The Darkness has not grasped it?—- John 1

The Darkness has not grasped it?—- John 1 January 14, 2018


Here’s a very interesting post by my friend and colleague Philip Jenkins. See what you think. BW3

The Christmas readings in our church featured the magnificent Prologue to John’s Gospel, about the Light, and how “The light shines in the darkness, and the darkness has not overcome it” (1.5 RSV, also NIV) or alternatively, “the light shineth in darkness; and the darkness comprehended it not” (KJV). Overcome and comprehended – aren’t those radically different words? Is one wrong? Why do we have such different translations? Actually, both are correct in their way, and the process of determining the right word is an interesting exercise in translation, and in deciding authorial intent.

Here is the Greek original:

καὶ τὸ φῶς ἐν τῇ σκοτίᾳ φαίνει, καὶ ἡ σκοτία αὐτὸ οὐ κατέλαβεν.

Kai to phos en te skotia phainei, kai he skotia auto ou katelaben.

The obvious parallel here is Genesis 1, on which the Prologue is a kind of meditation, and specifically God’s separating the light from the darkness. But depending on how we translate that key word katelaben, there are wider implications. We hear that the Darkness (skotia) has not “overcome” it. But why would it want to do that? Are we meant to assume a fundamental conflict between Light and Darkness, a kind of Dualist cosmic warfare? Do Light and Darkness battle until one overcomes the other? How active or individualized a principle is Darkness? Does Darkness imply Satan? Or is it just the material creation? Should we capitalize Darkness, or The Darkness, or are we just talking about generic darkness?

Or if it is “comprehended,” does that envisage the creation as some kind of lumbering ignorant beast, unable to understand the glory that suddenly descends upon it? The Latin Vulgate read the word as “comprehend”: et lux in tenebris lucet, et tenebrae eam non conprehenderunt. That actually is powerful testimony to how the text was read in the early church, if not necessarily what the author intended. Luther read it as “understood,” begriffen, and that is the usual translation in later German versions.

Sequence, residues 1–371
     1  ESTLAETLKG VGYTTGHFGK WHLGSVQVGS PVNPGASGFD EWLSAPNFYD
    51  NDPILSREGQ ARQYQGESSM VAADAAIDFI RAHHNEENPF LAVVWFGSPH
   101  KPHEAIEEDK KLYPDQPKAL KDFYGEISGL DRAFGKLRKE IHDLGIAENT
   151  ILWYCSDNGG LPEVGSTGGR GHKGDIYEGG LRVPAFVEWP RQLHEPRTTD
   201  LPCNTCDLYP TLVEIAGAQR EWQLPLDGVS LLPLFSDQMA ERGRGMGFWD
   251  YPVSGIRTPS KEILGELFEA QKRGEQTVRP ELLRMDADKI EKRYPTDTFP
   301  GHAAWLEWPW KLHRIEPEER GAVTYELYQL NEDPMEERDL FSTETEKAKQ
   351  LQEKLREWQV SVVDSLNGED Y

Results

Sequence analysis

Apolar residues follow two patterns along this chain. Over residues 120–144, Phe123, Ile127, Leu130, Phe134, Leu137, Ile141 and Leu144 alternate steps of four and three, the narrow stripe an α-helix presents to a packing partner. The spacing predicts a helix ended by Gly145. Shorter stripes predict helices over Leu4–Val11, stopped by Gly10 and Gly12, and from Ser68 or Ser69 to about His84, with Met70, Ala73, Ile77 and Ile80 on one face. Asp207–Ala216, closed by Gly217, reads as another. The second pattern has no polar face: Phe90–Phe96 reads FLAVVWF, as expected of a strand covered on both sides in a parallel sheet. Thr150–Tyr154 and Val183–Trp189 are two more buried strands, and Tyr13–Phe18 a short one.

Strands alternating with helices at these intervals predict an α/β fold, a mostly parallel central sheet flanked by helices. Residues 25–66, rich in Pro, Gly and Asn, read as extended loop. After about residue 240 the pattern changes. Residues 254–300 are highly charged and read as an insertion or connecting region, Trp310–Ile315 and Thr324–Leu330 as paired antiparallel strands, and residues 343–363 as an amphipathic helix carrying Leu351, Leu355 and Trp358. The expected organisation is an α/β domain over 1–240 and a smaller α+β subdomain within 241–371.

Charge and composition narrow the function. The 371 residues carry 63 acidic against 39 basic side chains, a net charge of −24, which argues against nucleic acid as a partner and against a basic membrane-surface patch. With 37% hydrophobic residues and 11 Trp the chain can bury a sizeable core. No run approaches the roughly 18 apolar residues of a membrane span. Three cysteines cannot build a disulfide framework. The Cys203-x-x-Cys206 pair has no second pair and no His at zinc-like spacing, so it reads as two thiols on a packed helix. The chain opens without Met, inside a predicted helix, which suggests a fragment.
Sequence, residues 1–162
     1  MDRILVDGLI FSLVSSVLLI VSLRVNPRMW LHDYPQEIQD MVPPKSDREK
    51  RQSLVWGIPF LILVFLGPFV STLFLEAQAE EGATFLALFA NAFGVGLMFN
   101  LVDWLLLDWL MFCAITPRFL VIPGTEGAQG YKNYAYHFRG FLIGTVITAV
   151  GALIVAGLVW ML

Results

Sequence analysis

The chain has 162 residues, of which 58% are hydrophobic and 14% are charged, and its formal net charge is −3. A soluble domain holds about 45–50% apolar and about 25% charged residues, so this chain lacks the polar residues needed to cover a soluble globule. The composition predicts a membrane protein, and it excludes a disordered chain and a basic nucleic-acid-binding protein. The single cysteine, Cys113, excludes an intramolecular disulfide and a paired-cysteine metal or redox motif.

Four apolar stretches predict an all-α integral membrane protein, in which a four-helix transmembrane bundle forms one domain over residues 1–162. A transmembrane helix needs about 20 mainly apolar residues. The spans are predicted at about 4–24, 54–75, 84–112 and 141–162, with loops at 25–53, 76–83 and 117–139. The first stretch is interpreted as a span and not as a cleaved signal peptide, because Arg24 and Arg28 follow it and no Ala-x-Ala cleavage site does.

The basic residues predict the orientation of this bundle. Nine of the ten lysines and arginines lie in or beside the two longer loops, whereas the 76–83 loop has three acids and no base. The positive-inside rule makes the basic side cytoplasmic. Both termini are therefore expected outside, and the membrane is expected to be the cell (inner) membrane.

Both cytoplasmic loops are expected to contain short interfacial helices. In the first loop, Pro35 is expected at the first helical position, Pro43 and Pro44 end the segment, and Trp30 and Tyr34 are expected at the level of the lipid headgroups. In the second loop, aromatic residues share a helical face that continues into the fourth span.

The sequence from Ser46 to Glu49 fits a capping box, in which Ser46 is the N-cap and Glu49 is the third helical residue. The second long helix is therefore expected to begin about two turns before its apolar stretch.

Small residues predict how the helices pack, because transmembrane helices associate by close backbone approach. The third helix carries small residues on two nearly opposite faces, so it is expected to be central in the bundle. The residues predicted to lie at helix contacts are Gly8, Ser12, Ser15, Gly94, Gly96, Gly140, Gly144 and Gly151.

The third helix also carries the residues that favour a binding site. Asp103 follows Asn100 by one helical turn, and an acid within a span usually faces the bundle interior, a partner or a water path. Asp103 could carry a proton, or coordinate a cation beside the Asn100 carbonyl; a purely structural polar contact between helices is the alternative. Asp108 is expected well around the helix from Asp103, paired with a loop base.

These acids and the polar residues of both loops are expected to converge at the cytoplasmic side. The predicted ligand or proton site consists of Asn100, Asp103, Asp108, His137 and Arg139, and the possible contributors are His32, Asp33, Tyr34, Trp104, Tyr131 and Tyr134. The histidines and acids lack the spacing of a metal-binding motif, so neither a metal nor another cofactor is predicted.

But again, to say that X comprehends Y, or fails to do so, we are ascribing a mind to that entity or being. Again, is Darkness a force or even a sentient being, rather than a quality of nature, or a metaphor? Either way, this line hints at a whole cosmology.

I won’t go into this too much here, but darkness appears as the home of evil in the Dead Sea Scrolls, and in related texts like the Testaments of the Twelve Patriarchs. Of Belial, we hear that “all his deeds are darkness, and he dwells in darkness.” In the Testament of Levi, Levi urges his children to “choose therefore for yourselves either the darkness or the light, either the law of the Lord or the works of Beliar.” If not outright Dualism, these texts are certainly pushing in that direction.

How, then, do we decide which meaning is intended in John’s Prologue? Overcome or understood?